NOVEMBER/ DECEMBER 1997
Steven Radelet and Jeffrey Sachs
Volume 76 • Number 6
The contents of Foreign Affairs are copyrighted. © 1997 Council on Foreign Relations, Inc. All rights reserved.
Steven Radelet and Jeffrey Sachs
capitalism leaves its western enclave Beginning in the early 1500s, for more than four centuries now,the West has been ascendant in the world economy. With but 14 percent of the world’s population in 1820, Western Europe and four colonial oªshoots of Great Britain (Australia, Canada, New Zealand, and the United States) had already achieved around 25 percent of world income. By 1950, after a century and a half of Western industrialization, their income share had soared to 56 percent, while theirpopulation share hovered around 17 percent. Asia, with 66 percent of the world’s population, had a meager 19 percent of world income, compared with 58 percent in 1820. In 1950, however, one of the great changes of modern history began, with the rapid growth of many Asian economies. By 1992, fueled by high growth rates, Asia’s share of world income had risen to 33 percent.⁄ This tidal shift is likelyto continue, with Asia reemerging by the early 21st century as the world’s center of economic activity. Asia’s sudden ascent has become something of a Rorschach test for the economics profession and the foreign policy community. For some, Asia’s rapid growth is an economic miracle that calls for a reevaluation of Western economic strategies. For others, such as the mit economist Paul Krugman,writing in the November/December 1994 Foreign Affairs, the rapid growth has looked hollow. Not only has there been no miracle, but there was reason to believe that Asian growth might display weaknesses similar to those of the period of rapid Soviet growth in the 1950s and 1960s. These doubts seemed to
Steven Radelet is an Institute Associate at the Harvard Institute for International Development.Jeffrey Sachs is the Director of hiid and Galen L. Stone Professor of International Trade at Harvard University.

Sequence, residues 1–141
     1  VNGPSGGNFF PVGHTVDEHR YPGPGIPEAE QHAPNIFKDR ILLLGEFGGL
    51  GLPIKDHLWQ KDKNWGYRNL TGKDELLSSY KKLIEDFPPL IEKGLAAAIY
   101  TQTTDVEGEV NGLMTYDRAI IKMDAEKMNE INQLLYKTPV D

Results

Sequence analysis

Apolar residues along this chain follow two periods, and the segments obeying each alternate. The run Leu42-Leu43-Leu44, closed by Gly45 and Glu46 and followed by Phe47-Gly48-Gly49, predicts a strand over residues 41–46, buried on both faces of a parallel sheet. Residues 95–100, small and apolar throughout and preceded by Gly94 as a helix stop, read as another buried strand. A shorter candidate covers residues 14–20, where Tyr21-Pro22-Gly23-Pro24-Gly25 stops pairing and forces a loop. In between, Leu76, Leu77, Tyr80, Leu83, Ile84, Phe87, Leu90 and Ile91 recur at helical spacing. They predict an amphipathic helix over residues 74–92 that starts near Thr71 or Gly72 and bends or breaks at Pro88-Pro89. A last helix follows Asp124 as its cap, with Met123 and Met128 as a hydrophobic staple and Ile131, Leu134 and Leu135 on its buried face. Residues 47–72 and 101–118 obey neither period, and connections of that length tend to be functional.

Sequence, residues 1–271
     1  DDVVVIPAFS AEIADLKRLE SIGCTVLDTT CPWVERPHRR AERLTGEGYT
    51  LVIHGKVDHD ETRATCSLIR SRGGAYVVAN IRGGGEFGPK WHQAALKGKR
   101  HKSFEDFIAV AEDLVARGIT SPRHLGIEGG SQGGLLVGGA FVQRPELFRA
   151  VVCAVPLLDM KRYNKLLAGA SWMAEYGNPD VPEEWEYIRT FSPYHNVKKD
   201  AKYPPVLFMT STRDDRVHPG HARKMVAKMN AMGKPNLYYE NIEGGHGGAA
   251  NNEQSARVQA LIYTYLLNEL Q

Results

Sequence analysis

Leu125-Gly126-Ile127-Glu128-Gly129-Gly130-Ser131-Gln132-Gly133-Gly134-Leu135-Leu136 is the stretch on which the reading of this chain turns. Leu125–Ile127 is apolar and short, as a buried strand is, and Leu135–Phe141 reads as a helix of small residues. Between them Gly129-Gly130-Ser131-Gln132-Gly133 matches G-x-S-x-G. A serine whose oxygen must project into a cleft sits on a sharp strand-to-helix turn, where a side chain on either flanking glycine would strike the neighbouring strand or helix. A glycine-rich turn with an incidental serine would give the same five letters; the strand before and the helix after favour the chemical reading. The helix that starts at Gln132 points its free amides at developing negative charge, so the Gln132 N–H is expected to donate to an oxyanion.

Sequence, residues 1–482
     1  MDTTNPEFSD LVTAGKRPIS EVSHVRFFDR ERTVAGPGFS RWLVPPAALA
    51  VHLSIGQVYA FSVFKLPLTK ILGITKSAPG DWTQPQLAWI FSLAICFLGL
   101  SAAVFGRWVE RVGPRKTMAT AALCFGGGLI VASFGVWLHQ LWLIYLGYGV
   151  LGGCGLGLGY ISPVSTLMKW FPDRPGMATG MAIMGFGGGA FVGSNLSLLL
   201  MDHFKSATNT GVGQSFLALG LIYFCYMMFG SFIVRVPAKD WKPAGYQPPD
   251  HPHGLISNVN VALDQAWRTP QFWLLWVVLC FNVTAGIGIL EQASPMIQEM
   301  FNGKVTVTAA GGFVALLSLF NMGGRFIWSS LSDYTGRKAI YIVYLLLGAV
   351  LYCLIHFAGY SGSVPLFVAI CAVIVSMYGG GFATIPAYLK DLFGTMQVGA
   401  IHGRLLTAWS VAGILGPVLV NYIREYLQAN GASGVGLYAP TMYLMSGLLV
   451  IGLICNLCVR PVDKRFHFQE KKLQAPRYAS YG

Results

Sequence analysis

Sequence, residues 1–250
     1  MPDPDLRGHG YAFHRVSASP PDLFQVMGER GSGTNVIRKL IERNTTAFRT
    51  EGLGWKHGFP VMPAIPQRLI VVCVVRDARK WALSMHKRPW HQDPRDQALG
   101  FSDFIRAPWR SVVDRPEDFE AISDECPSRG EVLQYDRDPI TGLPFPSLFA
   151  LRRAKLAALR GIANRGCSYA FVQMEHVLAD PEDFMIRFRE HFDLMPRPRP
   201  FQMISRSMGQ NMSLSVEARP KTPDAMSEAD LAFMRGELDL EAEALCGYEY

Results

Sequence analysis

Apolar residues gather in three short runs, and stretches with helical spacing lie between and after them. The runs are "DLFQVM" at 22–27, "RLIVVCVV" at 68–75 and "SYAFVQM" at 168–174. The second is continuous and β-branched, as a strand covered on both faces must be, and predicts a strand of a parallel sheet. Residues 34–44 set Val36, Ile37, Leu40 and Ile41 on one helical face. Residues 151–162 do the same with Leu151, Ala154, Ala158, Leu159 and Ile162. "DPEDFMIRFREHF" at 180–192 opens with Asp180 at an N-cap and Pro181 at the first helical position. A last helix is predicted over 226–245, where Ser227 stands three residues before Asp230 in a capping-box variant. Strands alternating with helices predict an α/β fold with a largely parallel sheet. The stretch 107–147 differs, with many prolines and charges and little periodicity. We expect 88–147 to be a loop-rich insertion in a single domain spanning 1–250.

Asia’s Reemergence ﬁnd support in the sudden, sharp currency crises that gripped several high-ﬂying Southeast Asian economies (especially Indonesia, Malaysia, the Philippines, and Thailand) in mid-1997. Even money managers formerly enamored of the region decried underlyinginstitutional weaknesses, including corruption, nepotism, populist policies, and insu⁄cient banking regulation. The Southeast Asian currency crises of 1997 are not a sign of the end of Asian growth but rather a recurring—if di⁄cult to predict—pattern of ﬁnancial instability that often accompanies rapid economic growth. Just as Indonesia, Malaysia, and Korea rapidly recovered from ﬁnancial crises inthe 1970s and 1980s, so the Asian economies are likely to resume rapid growth within two to three years. In the long term, growth will continue because most of Asia has adopted capitalism as the organizing basis of economic life and become deeply integrated into the global economy. This has been true for more than a century in Japan, since the Meiji Restoration of 1868. Korea and Taiwan adoptedessentially capitalist development strategies in the 1960s, while most of Southeast Asia made similar choices in the 1970s. Even China in recent years can be considered to have adopted an essentially capitalist development model, despite continued Communist Party rule and a state sector that still employs around 18 percent of the labor force. India began turning away from a milder version ofsocialism in the early 1990s, though Indian domestic politics still contains strong doses of anticapitalist rhetoric. If there is anything to the “Asian miracle,” it is that several governments, beneﬁting from Japan’s early experience and from each other’s experiences since the 1960s, have been able to create an economic environment for proﬁtable, private investment—almost always with important foreign...
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